City expands COVID-19 testing criteria

People who live with health-care workers and who show even mild symptoms of COVID-19 are among those now eligible for testing at Ottawa's Brewer Arena assessment centre.

People living with health-care workers, caregivers now eligible for testing

Ottawa's COVID-19 assessment centre at Brewer Arena can now test more people for the respiratory illness, Ottawa Public Health (OPH) officials said during a teleconference Wednesday. 

"I can't yet advise that we have enough laboratory testing capacity to process anybody who has a fever and a cough but we do have room to go further than we have previously," said Dr. Vera Etches, medical officer of health for Ottawa Public Health, on Wednesday. 

Along with health-care workers and other essential employees, those eligible for testing now include people living with health-care workers, caregivers and first responders who show certain symptoms.

According to OPH, these people are recommended to be tested for COVID-19 if they have at least one common symptom (fever, cough, difficulty breathing), one less-common symptom (unexplained fatigue, delirium, falls, acute functional decline, worsening of chronic conditions, nausea, vomiting, diarrhea, abdominal pain, chills, headaches, croup, or loss of taste or smell), or a new or worsening respiratory symptom (sore throat, runny nose, sneezing, nasal congestion, hoarse voice or difficulty swallowing):

  • Health-care workers or staff who work at health-care facilities, and members of their households.
  • Residents and staff in long-term care homes, retirement homes, correctional facilities, homeless shelters, mental health institutions, hospices and other group living settings.
  • People in hospital, or who are likely to be hospitalized.
  • Members of remote, isolated, rural and/or Indigenous communities.
  • Caregivers and care providers.
  • First responders such as police, firefighters and paramedics.
  • Anyone in frequent contact with the health-care system, such as cancer patients, people receiving dialysis, pre- or post-transplant patients, pregnant women and newborns.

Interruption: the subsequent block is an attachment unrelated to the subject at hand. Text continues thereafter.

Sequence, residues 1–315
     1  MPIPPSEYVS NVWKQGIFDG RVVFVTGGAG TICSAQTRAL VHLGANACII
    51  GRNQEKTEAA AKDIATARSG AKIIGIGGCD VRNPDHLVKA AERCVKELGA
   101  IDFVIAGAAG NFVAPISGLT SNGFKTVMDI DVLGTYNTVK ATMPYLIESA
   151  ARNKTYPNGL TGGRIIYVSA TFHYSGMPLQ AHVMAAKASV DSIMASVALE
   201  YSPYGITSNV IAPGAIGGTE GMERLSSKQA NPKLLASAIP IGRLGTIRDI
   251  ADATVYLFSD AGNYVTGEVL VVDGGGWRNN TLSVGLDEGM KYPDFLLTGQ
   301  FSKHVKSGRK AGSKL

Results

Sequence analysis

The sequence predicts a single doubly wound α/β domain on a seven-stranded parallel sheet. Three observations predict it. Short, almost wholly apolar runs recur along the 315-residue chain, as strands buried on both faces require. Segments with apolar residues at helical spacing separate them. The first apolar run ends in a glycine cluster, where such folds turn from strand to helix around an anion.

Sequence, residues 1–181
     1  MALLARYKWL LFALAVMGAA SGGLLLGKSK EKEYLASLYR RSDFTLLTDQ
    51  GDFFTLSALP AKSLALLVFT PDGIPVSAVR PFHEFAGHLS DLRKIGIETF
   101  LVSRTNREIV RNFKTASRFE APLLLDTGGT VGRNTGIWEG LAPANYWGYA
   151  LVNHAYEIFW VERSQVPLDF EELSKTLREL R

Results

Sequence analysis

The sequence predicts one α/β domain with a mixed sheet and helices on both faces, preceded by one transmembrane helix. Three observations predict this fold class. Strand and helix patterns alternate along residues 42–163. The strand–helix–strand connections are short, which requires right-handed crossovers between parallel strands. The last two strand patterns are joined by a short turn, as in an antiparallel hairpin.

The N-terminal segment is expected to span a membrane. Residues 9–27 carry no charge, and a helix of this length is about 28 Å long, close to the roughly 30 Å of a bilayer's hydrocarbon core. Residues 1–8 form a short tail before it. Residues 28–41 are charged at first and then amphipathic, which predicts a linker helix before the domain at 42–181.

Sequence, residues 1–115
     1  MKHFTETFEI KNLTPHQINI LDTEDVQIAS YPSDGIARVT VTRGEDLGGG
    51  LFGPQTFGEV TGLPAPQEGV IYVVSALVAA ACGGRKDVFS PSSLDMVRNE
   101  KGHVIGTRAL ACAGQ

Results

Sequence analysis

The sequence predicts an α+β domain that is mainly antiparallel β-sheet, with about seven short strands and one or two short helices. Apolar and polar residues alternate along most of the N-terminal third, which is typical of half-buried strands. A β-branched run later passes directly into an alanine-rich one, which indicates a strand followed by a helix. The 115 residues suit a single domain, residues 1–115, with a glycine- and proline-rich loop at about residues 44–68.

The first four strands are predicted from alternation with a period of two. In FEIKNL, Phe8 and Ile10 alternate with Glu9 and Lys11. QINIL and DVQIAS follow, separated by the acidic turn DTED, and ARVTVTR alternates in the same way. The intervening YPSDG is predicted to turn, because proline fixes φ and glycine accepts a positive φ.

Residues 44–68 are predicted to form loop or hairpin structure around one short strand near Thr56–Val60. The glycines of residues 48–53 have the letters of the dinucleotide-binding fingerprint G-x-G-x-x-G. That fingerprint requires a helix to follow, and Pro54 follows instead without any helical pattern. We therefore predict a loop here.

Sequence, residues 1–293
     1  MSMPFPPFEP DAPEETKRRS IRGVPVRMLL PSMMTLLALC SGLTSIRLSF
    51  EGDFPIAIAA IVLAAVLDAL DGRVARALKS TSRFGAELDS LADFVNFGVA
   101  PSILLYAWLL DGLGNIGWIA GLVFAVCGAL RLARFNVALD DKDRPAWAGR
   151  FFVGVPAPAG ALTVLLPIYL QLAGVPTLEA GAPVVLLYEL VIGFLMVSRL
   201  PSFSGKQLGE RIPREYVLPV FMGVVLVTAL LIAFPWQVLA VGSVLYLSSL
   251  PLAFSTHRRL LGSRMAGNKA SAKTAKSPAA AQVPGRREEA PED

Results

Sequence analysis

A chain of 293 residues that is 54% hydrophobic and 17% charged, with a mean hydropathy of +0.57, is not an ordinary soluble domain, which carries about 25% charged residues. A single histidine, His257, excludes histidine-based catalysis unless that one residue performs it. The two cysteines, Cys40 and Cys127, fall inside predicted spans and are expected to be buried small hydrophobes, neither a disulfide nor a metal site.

These people should be tested for COVID-19 if they have at least one common symptom of COVID-19 such as fever, cough or difficulty breathing:

  • Anyone who's been in close contact with a confirmed or probable case.
  • Returned international travellers who seek medical attention.
  • "Critical infrastructure workers" including those in grocery store, food services, maintenance, transportation and utilities.

Now all staff at as well as residents of long-term care and retirement homes where there is an outbreak can get testing, whether or not they have experienced symptoms, said Etches. 

New numbers offer hope

Meanwhile, more people have recovered from COVID-19 than have been diagnosed with the respiratory illness since OPH's last update, a small victory overshadowed by one more death linked to the pandemic.

In its daily update, issued earlier Wednesday, OPH confirmed 24 new cases, but said 27 more people have been deemed recovered.

That means 244 of Ottawa's 643 confirmed cases, or about 40 per cent, are now out of isolation.

No details have been released about the latest death, the city's 13th fatality attributed to the pandemic.

There are now just under 1,200 confirmed cases in the wider region of eastern Ontario and western Quebec, with 40 deaths. Public health officials have warned repeatedly there are likely thousands more undiagnosed cases.

More than 325 people have been listed as recovered or resolved in the wider region, but not every local health unit shares that data.

In Ottawa, there were 429 confirmed cases last Wednesday and 194 two weeks ago.

OPH tracks cases based primarily on when patients first experienced symptoms, rather than on the date they tested positive, which accounts for certain discrepancies in its figures.

Canada's top doctor pointed out Wednesday that the pace of infection seems to have slowed nationally, from the number of confirmed cases doubling every three days to every 10, a shift she called a reason for cautious optimism.